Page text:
The subtitle of my most recent book is ‘Land, Liberty and the Pursuit of Happiness’. I used that phrase to draw attention to the central role that land plays in any economy. Although so many buy their food in supermarkets, a look at the countryside now, in the season of harvest, is a reminder of our total dependence on the land for our survival.
This raises questions about who has the right to own and control this land, which many libertarian philosophers have seen as a ‘common wealth’. Yet rather than asking large landowners to pay for the privilege of their access to land, we transfer money to them via EU farm subsidies; and the larger their farms, the more they receive. During the latest round of changes to the Common Agricultural Policy system, this government ensured that many smallholders were actually prevented from claiming subsidies. At the same time, it abolished the Agricultural Wages Board, responsible for ensuring decent rates of pay and conditions of employment.
As well as supporting large landowners, the ConDem government has allowed property developers to write our planning law. The National Planning Policy Framework (NPPF) is a disaster for the countryside. It throws away 60 years’ worth of environmental protections and interprets ‘sustainable development’ as unrestrained growth.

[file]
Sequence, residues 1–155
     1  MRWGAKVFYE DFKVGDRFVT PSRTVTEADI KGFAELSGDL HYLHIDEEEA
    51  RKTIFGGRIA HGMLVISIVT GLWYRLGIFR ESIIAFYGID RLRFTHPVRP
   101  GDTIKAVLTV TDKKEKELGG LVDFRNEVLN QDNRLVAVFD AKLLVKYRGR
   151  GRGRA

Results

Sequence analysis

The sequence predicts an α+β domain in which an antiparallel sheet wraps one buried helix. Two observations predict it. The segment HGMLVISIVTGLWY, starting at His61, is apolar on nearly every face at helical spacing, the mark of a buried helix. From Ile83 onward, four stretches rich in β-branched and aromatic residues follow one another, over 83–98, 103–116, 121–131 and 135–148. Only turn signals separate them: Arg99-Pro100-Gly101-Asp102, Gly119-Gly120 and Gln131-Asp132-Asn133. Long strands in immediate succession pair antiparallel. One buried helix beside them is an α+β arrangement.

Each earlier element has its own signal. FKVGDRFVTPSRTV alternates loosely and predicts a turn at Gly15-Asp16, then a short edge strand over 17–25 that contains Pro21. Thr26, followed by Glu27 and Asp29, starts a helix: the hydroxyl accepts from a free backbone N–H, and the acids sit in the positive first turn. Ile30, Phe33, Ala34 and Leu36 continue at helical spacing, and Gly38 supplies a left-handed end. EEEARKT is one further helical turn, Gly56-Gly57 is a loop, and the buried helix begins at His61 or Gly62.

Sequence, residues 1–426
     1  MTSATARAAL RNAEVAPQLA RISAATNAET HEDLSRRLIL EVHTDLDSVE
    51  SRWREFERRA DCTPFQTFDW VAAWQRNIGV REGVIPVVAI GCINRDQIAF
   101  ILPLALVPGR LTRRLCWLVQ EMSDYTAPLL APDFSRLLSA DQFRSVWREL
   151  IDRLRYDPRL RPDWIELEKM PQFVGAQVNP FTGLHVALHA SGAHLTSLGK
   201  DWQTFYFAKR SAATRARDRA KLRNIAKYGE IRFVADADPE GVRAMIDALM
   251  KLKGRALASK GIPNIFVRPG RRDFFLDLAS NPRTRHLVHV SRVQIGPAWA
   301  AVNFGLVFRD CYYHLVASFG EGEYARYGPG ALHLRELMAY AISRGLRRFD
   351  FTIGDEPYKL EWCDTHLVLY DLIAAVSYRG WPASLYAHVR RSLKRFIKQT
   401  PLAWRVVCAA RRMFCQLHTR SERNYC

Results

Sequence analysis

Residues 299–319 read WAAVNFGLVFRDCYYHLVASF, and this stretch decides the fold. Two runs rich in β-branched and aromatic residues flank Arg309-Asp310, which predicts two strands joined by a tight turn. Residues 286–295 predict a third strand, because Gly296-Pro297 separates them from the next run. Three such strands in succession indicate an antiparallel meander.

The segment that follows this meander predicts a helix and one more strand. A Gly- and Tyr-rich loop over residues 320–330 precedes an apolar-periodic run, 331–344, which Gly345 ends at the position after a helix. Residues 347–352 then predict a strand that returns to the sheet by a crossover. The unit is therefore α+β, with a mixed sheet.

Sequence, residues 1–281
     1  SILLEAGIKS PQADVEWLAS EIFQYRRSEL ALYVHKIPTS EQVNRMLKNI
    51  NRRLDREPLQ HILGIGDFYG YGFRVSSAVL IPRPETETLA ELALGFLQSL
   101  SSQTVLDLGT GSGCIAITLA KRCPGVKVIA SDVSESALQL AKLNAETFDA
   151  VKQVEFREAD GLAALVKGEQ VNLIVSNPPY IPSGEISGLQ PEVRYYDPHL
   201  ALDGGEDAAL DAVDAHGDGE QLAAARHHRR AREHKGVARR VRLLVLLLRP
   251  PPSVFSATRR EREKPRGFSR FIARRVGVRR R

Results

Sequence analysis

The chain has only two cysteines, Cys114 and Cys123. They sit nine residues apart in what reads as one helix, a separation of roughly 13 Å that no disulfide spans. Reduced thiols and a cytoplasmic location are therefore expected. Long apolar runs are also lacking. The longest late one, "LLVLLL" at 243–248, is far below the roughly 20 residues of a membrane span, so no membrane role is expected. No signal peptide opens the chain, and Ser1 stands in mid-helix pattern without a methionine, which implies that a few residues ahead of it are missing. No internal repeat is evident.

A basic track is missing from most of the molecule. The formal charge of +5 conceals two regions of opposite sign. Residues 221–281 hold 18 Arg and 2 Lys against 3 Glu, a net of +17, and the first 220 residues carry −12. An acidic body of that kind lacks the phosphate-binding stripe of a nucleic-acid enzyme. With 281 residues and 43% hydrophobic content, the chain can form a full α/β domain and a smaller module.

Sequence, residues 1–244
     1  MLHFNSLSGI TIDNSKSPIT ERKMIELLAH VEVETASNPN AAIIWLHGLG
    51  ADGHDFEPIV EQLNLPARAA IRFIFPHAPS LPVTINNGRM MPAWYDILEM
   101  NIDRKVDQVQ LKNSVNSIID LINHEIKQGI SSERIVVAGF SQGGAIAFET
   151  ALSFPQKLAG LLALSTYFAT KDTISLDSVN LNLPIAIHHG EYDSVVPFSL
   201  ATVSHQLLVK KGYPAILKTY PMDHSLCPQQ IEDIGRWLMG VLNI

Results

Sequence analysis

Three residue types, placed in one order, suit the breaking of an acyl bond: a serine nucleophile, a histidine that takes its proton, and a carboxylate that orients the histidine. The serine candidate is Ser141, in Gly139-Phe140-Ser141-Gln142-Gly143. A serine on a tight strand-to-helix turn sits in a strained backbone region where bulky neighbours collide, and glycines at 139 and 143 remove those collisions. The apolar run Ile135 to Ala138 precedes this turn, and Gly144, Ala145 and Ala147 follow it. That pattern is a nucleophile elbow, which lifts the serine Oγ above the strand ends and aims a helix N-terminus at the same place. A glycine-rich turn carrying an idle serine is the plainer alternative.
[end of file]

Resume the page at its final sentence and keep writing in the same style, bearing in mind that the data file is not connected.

So what can we do to reclaim our land? The attempt to introduce a Land Value Tax by Caroline Lucas in the Commons and Jenny Jones in the Lords is a long-overdue first step towards ensuring that the benefits gained from land are shared fairly. Resistance to destructive planning applications is also still possible. In Stroud, we recently defeated a planning application in the Slad Valley, my council ward and former home to poet and novelist Laurie Lee, by proving the value local people placed on the landscape.
The land is ours. If the law respected this, the land would be better cared for and used to provide for our needs rather than generate profits for the few.